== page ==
The thing that really shocked me, however, was the choice of twin, round fog lamps in the trapezoidal lower grilles. To my eyes they sit so uncomfortably with the other forms and surfaces in the DRG as to beggar belief. I have a suspicion as to what might have inspired these chromed carbuncles and it lends weight to my theory that this is a design born out of sheer confusion.
For those of you unfamiliar with Mercedes tuners, there’s an outfit by the name of Carlsson and they produce some of the most garish bodykits and interiors to have graced the three-pointed star. Case in point is the gob-smacking Carlsson Aigner CK65 RS Blanchimont. Note the twin round lamps in the lower grills? They’ve long been a Carlsson hallmark. Tuner fog lamps on a bread-and-butter E-Class? Really?
In profile, the car suffers from a heaviness that all the wedge, light catchers and chrome detailing in the world can’t disguise (even though the designers have tried; there are 10 surface changes from the rear door window down…).
Heavieness in profile can be fine and, used well, it communicates gravitas and elegance. It worked, in my view, for the previous BMW 7 Series, and hell, Mercedes’ of the 80’s and 90’s positively revelled in their largesse. So why did these cars wear their weight so well? The designers made no bones about it and the heaviness was celebrated. The E-Class, on the other hand, is trying to pull off clothes that her frame just isn’t built for. The term “muffin top” comes to mind, especially when looking at the rear wheel arch blister.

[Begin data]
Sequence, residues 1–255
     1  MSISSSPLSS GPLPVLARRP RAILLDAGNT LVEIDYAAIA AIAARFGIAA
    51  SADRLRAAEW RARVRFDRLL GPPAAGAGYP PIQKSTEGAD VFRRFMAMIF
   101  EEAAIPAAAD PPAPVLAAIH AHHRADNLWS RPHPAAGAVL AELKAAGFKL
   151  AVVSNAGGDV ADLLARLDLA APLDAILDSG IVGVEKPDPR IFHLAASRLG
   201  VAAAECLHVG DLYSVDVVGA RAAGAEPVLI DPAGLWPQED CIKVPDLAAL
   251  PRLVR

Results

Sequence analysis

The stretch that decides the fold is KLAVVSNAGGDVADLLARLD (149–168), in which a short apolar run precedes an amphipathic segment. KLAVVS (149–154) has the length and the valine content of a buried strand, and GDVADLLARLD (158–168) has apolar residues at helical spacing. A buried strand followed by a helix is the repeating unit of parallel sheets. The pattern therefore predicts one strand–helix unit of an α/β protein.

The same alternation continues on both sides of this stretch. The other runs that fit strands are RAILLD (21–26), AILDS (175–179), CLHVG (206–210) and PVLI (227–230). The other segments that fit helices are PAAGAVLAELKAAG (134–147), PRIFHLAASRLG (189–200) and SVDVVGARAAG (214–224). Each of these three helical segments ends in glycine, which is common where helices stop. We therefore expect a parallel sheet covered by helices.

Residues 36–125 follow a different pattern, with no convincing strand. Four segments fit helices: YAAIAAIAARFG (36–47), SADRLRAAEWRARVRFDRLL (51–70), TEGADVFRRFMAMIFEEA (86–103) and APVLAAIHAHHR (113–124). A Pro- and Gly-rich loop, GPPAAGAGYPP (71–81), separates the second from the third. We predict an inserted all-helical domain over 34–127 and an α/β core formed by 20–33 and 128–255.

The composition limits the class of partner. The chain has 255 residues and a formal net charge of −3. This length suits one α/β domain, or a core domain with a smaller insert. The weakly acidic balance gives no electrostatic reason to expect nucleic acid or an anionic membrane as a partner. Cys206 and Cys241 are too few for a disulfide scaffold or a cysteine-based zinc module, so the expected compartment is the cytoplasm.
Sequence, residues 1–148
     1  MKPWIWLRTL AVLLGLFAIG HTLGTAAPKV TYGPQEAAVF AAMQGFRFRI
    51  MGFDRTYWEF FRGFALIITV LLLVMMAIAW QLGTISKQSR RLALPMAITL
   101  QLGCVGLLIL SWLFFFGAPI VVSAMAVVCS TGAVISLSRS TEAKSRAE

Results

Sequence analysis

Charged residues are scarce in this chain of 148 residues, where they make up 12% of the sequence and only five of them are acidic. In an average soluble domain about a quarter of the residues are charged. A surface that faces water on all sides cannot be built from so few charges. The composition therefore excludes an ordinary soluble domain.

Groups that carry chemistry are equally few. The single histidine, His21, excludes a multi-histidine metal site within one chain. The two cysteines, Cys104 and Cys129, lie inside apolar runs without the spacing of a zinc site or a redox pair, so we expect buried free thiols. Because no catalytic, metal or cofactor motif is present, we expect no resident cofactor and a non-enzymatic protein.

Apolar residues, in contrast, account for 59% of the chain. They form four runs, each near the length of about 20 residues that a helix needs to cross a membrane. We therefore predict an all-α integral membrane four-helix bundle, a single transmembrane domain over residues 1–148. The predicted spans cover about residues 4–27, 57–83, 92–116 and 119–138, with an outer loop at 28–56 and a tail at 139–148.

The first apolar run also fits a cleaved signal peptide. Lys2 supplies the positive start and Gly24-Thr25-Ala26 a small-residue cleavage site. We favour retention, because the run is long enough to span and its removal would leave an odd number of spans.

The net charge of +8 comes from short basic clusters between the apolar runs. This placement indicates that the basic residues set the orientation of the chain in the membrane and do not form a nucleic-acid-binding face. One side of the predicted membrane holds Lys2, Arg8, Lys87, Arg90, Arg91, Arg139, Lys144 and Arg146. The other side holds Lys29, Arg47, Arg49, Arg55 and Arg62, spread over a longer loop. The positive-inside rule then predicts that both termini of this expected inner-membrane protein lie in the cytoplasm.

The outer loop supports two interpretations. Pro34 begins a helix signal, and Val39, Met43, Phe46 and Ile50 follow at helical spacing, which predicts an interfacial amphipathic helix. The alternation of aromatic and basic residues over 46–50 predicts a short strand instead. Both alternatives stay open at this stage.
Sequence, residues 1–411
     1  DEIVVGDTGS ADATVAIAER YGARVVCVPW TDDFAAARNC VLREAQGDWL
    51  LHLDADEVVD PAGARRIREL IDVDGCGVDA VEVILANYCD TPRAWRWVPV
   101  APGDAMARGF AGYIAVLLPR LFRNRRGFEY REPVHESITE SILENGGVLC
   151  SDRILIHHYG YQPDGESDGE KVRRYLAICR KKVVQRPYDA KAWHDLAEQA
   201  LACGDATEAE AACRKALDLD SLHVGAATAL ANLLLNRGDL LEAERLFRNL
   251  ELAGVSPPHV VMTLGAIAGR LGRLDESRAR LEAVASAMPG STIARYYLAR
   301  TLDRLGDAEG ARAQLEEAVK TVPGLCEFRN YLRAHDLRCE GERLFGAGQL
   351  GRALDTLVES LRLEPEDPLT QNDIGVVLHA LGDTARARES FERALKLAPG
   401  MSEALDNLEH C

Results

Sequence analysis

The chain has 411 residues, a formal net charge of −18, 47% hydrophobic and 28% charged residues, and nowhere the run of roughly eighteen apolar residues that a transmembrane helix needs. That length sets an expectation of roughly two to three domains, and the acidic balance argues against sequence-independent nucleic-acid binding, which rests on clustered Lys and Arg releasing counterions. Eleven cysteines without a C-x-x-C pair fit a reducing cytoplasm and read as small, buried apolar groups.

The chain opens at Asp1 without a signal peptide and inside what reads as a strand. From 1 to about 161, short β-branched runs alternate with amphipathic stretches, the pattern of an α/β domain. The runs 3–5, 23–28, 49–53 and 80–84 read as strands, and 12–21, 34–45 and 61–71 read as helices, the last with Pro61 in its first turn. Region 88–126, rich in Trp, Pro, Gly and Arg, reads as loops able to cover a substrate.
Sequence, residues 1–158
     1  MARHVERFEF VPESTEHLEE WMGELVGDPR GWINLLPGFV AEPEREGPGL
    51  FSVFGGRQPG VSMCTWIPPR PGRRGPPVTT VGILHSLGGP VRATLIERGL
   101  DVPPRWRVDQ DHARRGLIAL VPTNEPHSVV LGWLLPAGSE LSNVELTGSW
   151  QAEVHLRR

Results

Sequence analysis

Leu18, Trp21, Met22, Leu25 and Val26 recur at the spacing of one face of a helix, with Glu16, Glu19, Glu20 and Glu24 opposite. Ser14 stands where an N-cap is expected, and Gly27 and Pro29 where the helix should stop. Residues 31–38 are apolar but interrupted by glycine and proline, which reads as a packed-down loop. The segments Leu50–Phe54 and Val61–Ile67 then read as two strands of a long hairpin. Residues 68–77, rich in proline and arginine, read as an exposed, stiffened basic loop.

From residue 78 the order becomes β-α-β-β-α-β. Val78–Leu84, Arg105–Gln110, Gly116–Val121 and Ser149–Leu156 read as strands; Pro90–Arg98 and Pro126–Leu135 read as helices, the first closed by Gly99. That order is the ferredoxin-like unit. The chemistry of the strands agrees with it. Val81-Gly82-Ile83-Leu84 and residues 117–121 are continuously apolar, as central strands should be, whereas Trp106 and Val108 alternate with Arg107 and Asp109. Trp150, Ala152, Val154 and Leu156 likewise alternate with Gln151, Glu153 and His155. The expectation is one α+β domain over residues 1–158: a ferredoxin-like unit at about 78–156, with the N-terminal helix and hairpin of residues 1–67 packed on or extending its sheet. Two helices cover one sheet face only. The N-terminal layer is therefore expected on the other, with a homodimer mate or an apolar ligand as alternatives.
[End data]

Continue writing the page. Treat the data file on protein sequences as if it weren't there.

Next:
The discord between the chrome rubbing strip as it relates to the other side feature lines and it’s continuation into the rear bumper is particularly noticeable and uncomfortable. And while I’m never one to shy away from a clamshell hood, the tolerances in the shut lines on this particular car were so variable as to make me try and stick my finger through the gap, much as you could on a series 1 Range Rover.
The rear is just that; the part of the car where everything comes to a close. Enormous lamp graphic and an Opel-esque centre crease aside, there’s not a great deal to be said, except for this: in the age of stunningly intricate lamp units from Audi, BMW and Volkswagen, Mercedes can’t continue to hide its lights under a bushel.
From a distance (and where it counts for making an impression on the road) the lamps appear little more than painted on graphics. Up close, you can perceive a cool backlighting effect of the main elements but it’s so subtle that only a geek like me would notice.